Looking for Lost Sharks
Dave Ebert with a sharpfin houndshark at the California Academy of Sciences in San Francisco
California scientist David A. Ebert is an expert in searching for “lost sharks”–species that are considered extinct. Ebert is currently exploring the coasts of Ecuador and northern Peru in search of clues about the sharpfin houndshark (Triakis acutipinna), a species that has not been recorded for over 60 years and could be considered extinct. Last seen in 1961 in Isla de la Plata, Ecuador, the sharpfin houndshark’s habitat included the southern part of Colombia, Ecuador and northern Peru. In August 2023, Ebert conducted an information-gathering expedition in the hopes of finding this elusive creature.
After more than 40 years of studying “lost sharks” and traveling the world in search of them, Ebert has rightfully earned the nickname “Lost Shark Guy” within the scientific field. He has discovered 53 new shark species, including: the peculiar-looking Galapagos ghost shark (Hydrolagus mccoskeri), the tiny whitespot ghost shark (Hydrolagus alphus) and Lana's sawshark, (Pristiophorus lanae), which was named in honor of Ebert’s niece. He has also written 700 research papers and 35 books, including co-authoring "Sharks of the World," the renowned guide to every known shark.
The research team Dave Ebert, Adriana Gonzalez and Adriana Cevallos at a landing port at Puerto Lopez, Ecuador
How to Find an Extinct Species
Because the ocean is vast, searching for any rare species by scuba diving would be fruitless. Ebert’s strategy is far more strategic: he visits ports and local markets, where he analyzes shark landings for a better chance of finding species from different depths. Equipped with testimonies collected from local fishermen and working in collaboration with local scientists, Ebert pinpoints the best spots from which he begins his search.
The journey began in San Francisco at the California Academy of Science, which houses one of the largest ichthyology collections in the world. In this vast basement collection, the last specimen of the sharpfin houndshark collected on Isla de la Plata in 1961 is preserved. There is only one other known specimen of this species in the world, currently held at the Smithsonian National Museum of Natural History in Washington D.C. Both pieces are the only historical evidence of what the sharpin houndshark looked like.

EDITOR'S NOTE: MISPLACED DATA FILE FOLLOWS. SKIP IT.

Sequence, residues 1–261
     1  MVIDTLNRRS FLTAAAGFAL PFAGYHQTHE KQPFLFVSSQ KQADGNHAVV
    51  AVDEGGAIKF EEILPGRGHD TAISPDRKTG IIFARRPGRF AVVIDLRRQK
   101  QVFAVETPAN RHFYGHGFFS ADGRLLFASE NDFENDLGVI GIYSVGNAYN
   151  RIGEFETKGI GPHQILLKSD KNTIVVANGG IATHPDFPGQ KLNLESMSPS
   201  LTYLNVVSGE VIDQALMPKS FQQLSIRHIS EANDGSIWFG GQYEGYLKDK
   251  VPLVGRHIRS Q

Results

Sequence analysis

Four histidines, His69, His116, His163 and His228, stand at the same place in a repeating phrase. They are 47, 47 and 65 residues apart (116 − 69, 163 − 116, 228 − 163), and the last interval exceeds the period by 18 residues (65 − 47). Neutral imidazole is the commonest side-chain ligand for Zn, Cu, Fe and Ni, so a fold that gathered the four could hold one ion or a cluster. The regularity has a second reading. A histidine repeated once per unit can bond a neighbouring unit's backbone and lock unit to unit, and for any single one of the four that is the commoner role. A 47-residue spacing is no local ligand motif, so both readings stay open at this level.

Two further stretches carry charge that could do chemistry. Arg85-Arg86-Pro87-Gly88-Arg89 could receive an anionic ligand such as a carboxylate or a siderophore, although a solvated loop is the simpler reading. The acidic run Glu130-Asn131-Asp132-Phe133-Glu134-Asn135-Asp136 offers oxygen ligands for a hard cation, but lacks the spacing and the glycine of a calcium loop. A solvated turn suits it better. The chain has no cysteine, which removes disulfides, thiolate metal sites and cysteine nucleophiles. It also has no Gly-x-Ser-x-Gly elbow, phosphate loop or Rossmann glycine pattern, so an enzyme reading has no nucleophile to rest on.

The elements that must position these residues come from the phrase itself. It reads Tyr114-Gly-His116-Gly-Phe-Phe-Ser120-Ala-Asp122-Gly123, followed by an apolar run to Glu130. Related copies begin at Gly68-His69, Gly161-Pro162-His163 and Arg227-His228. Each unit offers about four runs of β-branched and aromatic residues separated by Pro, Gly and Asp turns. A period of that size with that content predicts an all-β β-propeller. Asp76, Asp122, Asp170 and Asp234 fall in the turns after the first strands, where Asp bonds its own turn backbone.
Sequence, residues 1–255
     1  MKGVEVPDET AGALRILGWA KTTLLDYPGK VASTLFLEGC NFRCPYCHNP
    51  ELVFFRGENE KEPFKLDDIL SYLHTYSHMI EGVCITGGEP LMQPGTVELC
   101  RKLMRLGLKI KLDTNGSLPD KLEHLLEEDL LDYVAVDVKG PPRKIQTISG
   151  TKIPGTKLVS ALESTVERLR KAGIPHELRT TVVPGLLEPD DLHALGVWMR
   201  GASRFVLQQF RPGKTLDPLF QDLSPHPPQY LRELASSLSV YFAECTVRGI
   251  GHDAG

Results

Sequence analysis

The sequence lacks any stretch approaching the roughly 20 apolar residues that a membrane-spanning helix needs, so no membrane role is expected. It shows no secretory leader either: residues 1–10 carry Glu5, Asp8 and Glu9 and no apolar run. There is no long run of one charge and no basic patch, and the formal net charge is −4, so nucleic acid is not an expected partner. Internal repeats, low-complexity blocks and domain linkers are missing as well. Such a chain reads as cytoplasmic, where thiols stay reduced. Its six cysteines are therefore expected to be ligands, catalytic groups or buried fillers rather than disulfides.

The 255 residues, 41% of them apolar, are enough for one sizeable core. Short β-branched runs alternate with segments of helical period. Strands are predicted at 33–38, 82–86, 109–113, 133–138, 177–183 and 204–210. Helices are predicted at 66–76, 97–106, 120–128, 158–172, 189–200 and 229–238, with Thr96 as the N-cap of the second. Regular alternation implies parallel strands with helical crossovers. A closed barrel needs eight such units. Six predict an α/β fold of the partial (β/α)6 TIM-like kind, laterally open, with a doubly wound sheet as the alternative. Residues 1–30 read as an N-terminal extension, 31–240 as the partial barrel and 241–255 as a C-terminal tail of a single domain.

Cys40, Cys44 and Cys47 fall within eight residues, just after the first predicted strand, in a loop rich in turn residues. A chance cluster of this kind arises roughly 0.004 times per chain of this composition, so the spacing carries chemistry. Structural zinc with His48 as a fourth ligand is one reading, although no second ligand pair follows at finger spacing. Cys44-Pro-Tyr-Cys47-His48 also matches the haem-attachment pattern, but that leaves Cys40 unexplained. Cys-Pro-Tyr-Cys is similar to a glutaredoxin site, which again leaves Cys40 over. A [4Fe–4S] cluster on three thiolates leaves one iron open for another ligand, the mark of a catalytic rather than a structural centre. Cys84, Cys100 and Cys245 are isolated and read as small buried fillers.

Photos, measurements and characteristics were taken of this shark specimen to create a visual aid in the expedition to find it. Ebert began his search in Puerto Lopez, Ecuador, where he teamed up with local biologist and port inspector Adriana Cevallos to tour the landing area. Older fishermen recognized the species from the photos, affirmed that they had once caught it and even provided some clues about where it was once captured.
Dave Ebert, Adriana Gonzales Pestana collaborate with local Peruvian fishermen in Puerto Pizarro, Tumbes, Peru
Off the coast of Puerto Lopez is Isla de la Plata, where the sharpfin houndshark was last seen over 60 years ago. There, Ebert scuba-dived to explore the habitat of this shark, which lived among corals, turtles, humpback whales and oceanic manta rays. Currently, Isla de la Plata is a protected area and part of Machanilla National Park. It is a highly sought-after diving destination, known as the "little Galapagos."
The expedition continued in Puerto Cayo, Manta and Las Pinas. In these ports, the oldest fishermen recognized the species. Most of the fishermen's accounts confirmed that the sharpfin houndshark was a rare species, about 3 feet/1 meter long, and used to be caught in shallow rocky reefs. And yet, no one had seen it for more than 30 or 40 years.
Ebert’s last search point in Ecuador was the Santa Rosa market in Salinas, but unfortunately no clues were found about the Triakis acutipinna, though numerous blue sharks, a crocodile shark, a baby leopard shark and a tiger shark measuring over 10 feet/3 meters long were spotted.
Related Reading: Cabo’s Other Wild Side: Swimming with Blue and Mako Sharks
Dave Ebert and Adriana Gonzales talking with a fisherman in northern Peru
Why Should We Look for Lost Sharks?
"The importance of searching for lost sharks is that these species can disappear without anyone ever noticing, and we cannot conserve something that humanity does not know or has forgotten. These uncommon species are an important indicator to measure the health of the ocean," explains Ebert.
The expedition continued into Peru, beginning in Puerto Pizarro and extending to Cancas, in the state of Tumbes. Ebert relied on the expertise of Adriana Gonzalez, a marine biologist who has been studying sharks in Peru for over 10 years. Unfortunately for Ebert’s search, very few fishermen in Peru recognized the species.
In this first expedition through Ecuador and Peru, Ebert did not find the sharpfin houndshark, but key information about the species was shared in ports and markets with local fishermen, including the importance of finding it. Ebert posted the contact numbers of local marine biologists on posters he left at each port, so that fishermen might help in his search, even after he returns home.
Ebert is hopeful that one day, soon, he will receive a phone call announcing that a sharpfin houndshark has been spotted–confirming his suspicion that it is not extinct. While this expedition may have ended for Ebert, it is just the beginning of a new leg of the journey that he started over 40 years ago.